# Algebra - Elements of Infinite Order

#### m0bius

1. The problem statement, all variables and given/known data

Let G be a group and let a be an element in G. Show that a and a-1 generate the same cyclic subgroup <a> = <a-1> and have the same order o(a) = o(a-1).

2. Relevant equations

This is in the second section of the book I'm using, so there aren't really any theorems that can be used, just the definition of a group, order, and cyclic groups.

3. The attempt at a solution

First we show o(a) = o(a-1).

Assume a =/= e, and that both o(a) and o(a-1) are finite.
Let o(a) = n and o(a-1) = m. Then an = e and (a-1)m = e by the definition of order. Since a =/= e, m > 1 and n > 1. Multiply these two equations together to get:

(an)((a-1)m) = e. (1)

Case 1 : Assume m > n. Then we have (a-1)m-n = e. This can be seen by expanding (1), then canceling the a's with the a-1's from the inside outwards. Since n > 1, we can say m > 2. But then 0 < m - n < m, and so m is not the least positive integer such that (a-1)m = e. So o(a-1) =/= m and this is a contradiction.

Case 2 : Assume m < n. Then we have an-m = e, which can be seen by expanding and canceling like we did in Case 1. Since m > 1, we can say n > 2. But then 0 < n - m < n, and so n is not the least positive integer such that an = e. So o(a) =/= n and this is a contradiction.

Since m is not greater than n, and n is not greater than m, we must have n = m, and so o(a) = o(a-1).

I think I made it longer than it needed to be, but it seems correct. Anyway, my problem is now with the case when either or both of o(a) and o(a-1) are infinite. Let me just say I have about 5 pages or so of frantic scribblings trying to figure out what would happen in this case, and I am now extremely confused. My book only mentions one example at this point of an element with infinite order : all n =/= 0 in {Z, +} have infinite order (I understand this).

I'm not sure if it even makes sense to say that two elements of infinite order have the same order, but I'm currently attempting to show that if o(a) is infinite then o(a-1) is infinite. Any help/hints would be appreciated.

Thanks,
m0bius.

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#### micromass

Assume that o(a-1) is infinite. Proceed by contradiction, thus assume that o(a) is finite. Then your proof in the OP shows that o(a-1) is finite. Contradiction...

#### m0bius

Assume that o(a-1) is infinite. Proceed by contradiction, thus assume that o(a) is finite. Then your proof in the OP shows that o(a-1) is finite. Contradiction...
Hey, sorry for the delayed response. I'm not sure if this works though. We assume that o(a-1) is infinite, and for the proof by contradiction we assume that o(a) is finite, but the proof in the OP requires that both be finite for it to work.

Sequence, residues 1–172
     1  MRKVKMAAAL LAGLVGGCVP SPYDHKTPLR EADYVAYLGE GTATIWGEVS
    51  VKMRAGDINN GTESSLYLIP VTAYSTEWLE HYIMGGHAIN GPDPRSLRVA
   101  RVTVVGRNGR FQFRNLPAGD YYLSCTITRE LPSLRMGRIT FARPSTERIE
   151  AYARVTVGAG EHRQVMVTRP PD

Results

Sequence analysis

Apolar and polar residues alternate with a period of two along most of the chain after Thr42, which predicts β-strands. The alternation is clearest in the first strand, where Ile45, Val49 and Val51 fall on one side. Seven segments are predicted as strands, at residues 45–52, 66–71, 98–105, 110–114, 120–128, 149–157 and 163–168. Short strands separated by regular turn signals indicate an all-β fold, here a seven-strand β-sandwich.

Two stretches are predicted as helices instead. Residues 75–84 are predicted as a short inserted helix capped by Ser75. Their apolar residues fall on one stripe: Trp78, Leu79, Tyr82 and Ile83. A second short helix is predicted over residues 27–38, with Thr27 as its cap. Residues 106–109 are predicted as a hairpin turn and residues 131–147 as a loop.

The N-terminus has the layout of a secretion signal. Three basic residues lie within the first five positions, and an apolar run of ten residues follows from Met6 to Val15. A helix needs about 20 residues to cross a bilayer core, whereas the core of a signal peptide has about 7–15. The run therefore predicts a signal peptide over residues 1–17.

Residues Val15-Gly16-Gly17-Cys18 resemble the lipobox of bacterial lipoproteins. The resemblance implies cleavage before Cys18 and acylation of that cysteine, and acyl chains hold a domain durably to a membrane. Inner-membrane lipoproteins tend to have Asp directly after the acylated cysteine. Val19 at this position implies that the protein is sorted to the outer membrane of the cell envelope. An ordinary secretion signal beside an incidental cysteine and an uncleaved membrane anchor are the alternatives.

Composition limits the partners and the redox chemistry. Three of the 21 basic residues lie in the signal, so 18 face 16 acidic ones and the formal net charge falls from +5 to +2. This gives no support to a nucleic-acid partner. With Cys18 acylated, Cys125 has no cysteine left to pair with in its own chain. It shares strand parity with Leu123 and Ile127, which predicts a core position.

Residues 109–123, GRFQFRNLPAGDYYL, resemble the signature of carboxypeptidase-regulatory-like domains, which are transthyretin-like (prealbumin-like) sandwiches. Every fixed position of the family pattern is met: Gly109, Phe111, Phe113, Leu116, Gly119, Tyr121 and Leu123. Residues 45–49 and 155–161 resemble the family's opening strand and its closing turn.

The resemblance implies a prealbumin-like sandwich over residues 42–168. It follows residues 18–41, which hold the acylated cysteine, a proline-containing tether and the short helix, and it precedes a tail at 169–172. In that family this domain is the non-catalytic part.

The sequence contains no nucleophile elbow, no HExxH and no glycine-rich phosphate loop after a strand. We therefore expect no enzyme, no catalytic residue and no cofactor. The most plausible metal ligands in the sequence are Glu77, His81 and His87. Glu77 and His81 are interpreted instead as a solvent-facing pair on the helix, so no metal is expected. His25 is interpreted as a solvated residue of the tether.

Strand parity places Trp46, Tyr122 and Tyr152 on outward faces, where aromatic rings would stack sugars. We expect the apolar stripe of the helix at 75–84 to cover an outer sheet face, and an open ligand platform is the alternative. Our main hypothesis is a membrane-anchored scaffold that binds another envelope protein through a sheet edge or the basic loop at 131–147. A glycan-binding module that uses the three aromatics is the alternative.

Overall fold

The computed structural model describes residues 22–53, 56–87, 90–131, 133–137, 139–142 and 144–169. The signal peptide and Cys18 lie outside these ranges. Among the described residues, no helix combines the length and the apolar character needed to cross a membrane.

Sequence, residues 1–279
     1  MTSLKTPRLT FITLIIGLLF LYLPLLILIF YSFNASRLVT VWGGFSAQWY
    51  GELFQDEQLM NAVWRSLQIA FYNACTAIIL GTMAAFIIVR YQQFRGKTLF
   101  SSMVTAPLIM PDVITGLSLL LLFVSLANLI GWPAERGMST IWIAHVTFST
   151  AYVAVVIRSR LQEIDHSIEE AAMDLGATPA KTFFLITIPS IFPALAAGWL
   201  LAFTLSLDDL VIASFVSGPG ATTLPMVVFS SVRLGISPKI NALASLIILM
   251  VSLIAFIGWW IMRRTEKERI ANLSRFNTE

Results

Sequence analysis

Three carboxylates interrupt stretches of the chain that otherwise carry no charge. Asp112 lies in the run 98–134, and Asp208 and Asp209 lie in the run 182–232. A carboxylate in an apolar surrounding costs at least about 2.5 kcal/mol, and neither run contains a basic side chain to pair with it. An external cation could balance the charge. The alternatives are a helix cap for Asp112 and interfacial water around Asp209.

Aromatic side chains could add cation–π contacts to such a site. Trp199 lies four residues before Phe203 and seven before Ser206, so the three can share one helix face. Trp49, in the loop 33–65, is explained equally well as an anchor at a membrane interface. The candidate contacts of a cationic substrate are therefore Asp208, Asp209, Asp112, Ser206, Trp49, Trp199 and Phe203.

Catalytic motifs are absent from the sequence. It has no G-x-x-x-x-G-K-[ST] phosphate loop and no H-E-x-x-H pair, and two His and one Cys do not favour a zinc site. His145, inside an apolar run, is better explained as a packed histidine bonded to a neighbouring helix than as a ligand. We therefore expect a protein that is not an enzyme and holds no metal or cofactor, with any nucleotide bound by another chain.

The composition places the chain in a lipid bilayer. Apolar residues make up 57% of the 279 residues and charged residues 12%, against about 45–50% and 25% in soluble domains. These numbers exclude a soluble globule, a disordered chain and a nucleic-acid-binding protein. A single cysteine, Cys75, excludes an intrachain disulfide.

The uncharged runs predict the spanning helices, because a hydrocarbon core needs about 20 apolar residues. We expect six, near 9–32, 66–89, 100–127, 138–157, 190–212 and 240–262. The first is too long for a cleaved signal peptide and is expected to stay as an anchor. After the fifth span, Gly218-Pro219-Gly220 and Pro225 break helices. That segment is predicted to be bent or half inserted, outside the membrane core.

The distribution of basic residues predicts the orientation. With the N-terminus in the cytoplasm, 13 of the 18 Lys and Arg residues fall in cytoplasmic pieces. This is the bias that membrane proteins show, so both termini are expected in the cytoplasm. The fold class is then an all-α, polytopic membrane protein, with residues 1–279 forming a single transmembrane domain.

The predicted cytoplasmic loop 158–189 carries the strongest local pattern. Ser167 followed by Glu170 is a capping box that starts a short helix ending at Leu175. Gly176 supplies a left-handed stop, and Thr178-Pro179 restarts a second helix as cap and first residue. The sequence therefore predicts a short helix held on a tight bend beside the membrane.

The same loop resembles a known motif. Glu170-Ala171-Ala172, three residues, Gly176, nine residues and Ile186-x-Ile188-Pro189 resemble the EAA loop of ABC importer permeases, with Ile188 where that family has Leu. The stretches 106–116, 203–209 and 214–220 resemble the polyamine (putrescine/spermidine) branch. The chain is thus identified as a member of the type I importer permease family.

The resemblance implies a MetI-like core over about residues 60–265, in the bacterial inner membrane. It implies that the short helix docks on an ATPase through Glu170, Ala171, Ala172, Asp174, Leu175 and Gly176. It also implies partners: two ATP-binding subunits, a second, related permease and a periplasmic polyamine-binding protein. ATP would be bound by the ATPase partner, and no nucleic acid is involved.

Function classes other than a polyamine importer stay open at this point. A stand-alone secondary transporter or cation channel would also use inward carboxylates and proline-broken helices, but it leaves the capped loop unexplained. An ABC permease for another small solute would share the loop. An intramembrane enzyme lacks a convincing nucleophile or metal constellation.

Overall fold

I've been working on this a bit though and I think I've found a proof, although it's basically a bunch of little "theorems". In the OP we proved :

Theorem 1 : Let G be a group and a an element of G. If o(a) and o(a-1) are both finite, then o(a) = o(a-1).

Note for everything below we are assuming o(a) > 1, since the case when a = e is trivial to solve and can be handled separately.

Theorem 2 : o(a) is finite if and only if o(a-1) is finite.

Proof.
>>> First assume o(a) = n and n is finite, so an = e. The proof is by contradiction, so assume o(a-1) is infinite. Then (a-1)m =/= e for all positive integers m (for all m in Z+). Multiply a-1 to both sides of an = e to get a-1 = an-1. Then we see:

(a-1)m =/= e implies (an-1)m =/= e which implies (am(n-1)) =/= e. However since n > 1, m(n-1) is in Z+, so o(a) is infinite, which is a contradiction.

<<< Next assume o(a-1) = m and m is finite. The proof is by contradiction, so assume o(a) is infinite. Then an =/= e for all n in Z+. Using a-1 = an-1, we get am(n-1) = e, but since m(n-1) is in Z+ this means o(a) is finite, which is a contradiction.

Theorem 3 : o(a) is infinite if and only if o(a-1) is infinite.

>>> Assume o(a) is infinite. The proof is by contradiction, so assume o(a-1) is finite. Then by Theorem 2 o(a) is finite, which is a contradiction.

<<< The proof in the other direction is similar.

OK...so for any group G and any element a in G, o(a) = o(a-1) by theorems 1,2, and 3.

Now I still need to show <a> = <a-1>...

Last edited:

#### micromass

Alright, that works! As for the thing you need to prove, can you show that $$a^{-1}\in <a>$$? This would imply that $$<a^{-1}>\subseteq <a>$$. The other inclusion follows analogously...

#### Deveno

Science Advisor
if o(a) is finite, then since <a> is a group, a-1 is in it, right?

(in fact, if o(a) = k, then ak-1 must be a-1 (why?))

so a-1 is in <a>, hence <a-1> is contained in <a>.

now what can the order of a-1 possibly be?

we know that for any m, (a-1)m = (am)-1 so....

but if o(a) = o(a-1), how much bigger than <a-1> can <a> be?

it gets more interesting if o(a) is infinite. here, a-1 isn't ANY of the positive powers of a. so <a> must consist of all INTEGRAL powers of a (we have to add a-1 and its powers to all the positive powers of a, as well as the identity.).

so use the fact that (a-1)k = a-k = (ak)-1, and that a = (a-1)-1

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